|Elevation:||1,249 m (4,098 ft)||Prominence:||890 m|
|Ribu category:||Spesial||Province:||Jawa Timur (East Java)|
|Google Earth:||kml||Other names:||Known locally as Gunung Putri (Princess Mountain) and Gunung Agung|
Gunung Ringgit is one of the most striking peaks in Java with an attractive collection of cliff faces and steep jungle slopes. Despite its low height, it must be climbed from near sea level at the northern coast of Pasir Putih. The highest peak of the range has apparently never been climbed and would require ropes and advanced rock climbing skills. However, a decent trail leads up to one of the less-high tops which provides an excellent viewpoint over the rest of the range and to the nearby ocean.
Gunung Ringgit has two other well-known names; Gunung Putri (‘Princess Mountain) because, according to local people, the range looks like the face of a young woman when seen from the (east) Situbondo side. It is also known as Gunung Agung to the many Muslim pilgrims who climb one-third of the way up the mountainside to a complex of graves where they pray for health and good fortune. The name ‘Agung’ really only refers to this section of hillside rather than the higher peaks.
The trail starts on the main north coast road at SD Klatakan Pecaron in the village of Pecaron (a few kilometres east of Pasir Putih and barely above sea level). The path is very clear and very wide all the way up to the Agung religious complex (300m), and follows a large water pipe all the way up the hillside. In less than an hour you will have reached the religious complex, the alleged resting place of an important, ancient Muslim nobleman from the Situbondo area, Raden Condro Kudumo. You will undoubtedly be welcomed into one of the buildings by Pak Haji (Pak Taufik) and offered some clove cigarettes and coffee. Tens, if not hundreds, of local people climb here on a daily basis and if you are non-Indonesian then expect to have lots of pleasant questions asked of you and many, many photographs taken! Also look out for the many monkeys that live around here and try to steal food from pilgrims.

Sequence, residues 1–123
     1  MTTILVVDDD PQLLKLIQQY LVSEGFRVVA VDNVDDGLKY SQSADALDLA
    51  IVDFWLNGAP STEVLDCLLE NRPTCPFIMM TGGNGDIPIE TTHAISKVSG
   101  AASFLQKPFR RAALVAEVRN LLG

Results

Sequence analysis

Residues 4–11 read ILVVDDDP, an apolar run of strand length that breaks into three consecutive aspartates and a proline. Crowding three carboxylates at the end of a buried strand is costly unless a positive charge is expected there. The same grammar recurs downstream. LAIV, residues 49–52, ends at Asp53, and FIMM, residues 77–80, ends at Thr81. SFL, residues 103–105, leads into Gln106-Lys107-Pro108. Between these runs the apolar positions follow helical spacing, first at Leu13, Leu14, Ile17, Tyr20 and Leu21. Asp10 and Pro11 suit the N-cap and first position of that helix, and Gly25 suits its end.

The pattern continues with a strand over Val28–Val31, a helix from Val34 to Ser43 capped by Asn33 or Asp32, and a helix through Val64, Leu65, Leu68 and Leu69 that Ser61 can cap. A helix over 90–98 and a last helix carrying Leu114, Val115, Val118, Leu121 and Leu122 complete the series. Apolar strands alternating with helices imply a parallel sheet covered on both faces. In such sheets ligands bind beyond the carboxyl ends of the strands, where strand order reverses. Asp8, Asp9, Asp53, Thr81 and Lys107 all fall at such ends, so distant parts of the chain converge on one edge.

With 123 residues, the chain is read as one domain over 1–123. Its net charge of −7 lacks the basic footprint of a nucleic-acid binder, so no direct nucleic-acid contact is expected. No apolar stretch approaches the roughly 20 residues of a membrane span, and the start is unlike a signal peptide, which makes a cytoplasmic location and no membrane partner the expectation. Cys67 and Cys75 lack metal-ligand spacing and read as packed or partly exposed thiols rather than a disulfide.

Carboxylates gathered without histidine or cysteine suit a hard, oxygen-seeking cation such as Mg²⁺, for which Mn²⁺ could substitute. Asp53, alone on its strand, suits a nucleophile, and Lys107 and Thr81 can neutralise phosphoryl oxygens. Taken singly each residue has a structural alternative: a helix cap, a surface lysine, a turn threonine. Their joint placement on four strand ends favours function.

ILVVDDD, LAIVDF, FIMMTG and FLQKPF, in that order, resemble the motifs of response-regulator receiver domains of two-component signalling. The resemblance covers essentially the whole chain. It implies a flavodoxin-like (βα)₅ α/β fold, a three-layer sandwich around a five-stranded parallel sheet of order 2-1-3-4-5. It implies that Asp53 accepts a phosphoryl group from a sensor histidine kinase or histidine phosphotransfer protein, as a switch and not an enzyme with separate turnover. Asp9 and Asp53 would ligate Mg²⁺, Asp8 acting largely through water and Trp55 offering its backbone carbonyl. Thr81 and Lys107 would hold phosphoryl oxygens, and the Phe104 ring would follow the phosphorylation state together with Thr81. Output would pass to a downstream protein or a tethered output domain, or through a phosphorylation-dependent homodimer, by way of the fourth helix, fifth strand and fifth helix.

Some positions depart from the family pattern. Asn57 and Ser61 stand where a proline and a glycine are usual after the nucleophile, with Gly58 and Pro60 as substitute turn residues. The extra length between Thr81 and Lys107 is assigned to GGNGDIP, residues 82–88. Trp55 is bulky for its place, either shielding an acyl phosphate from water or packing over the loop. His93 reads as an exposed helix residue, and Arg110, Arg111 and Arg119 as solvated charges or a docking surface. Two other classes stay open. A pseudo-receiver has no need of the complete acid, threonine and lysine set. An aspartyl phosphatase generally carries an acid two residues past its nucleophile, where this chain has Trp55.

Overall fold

Once Pak Haji has given his blessing and had a good chat with you he will let you onwards up the hillside towards the only accessible peak known as Gunung Suunan. There are some good views down to the the little Gunung Carron and the ocean just beyond the grave complex but be aware that there are no water sources beyond this point. You will soon reach a large flat area where hikers often rest for a while, having reached the beginning of the ridge (760m). Further up the trail are several steep, rocky sections with thin pieces of rope attached to them. One section even features a metal ladder to help you ascend what would be pretty difficult terrain otherwise. Take extra care here.
You will soon have reached a ridge where a few large rocks lie (‘Batu Ampar’, 936m). One is perfect for sitting on. The trail continues along the steep ridge and up several more challenging sections before culminating with a final roped section just below the top of Suunan (1,138m). There is a small cave and a grave at the top and views down over the steep cliffs are magnificent in fine weather. There is no access further along westwards to the other peaks due to the steepness of the terrain and so the trail ends here. The highest peak lies about 1.8 km away to the west and may be worth investigating from the Kukusan side to the southeast of the mountain.
Return the same way and have a leisurely chat with Pak Haji and the local pilgrims before wandering back down to the main road at Pecaron.
Bagging information by Dan Quinn (January 2013)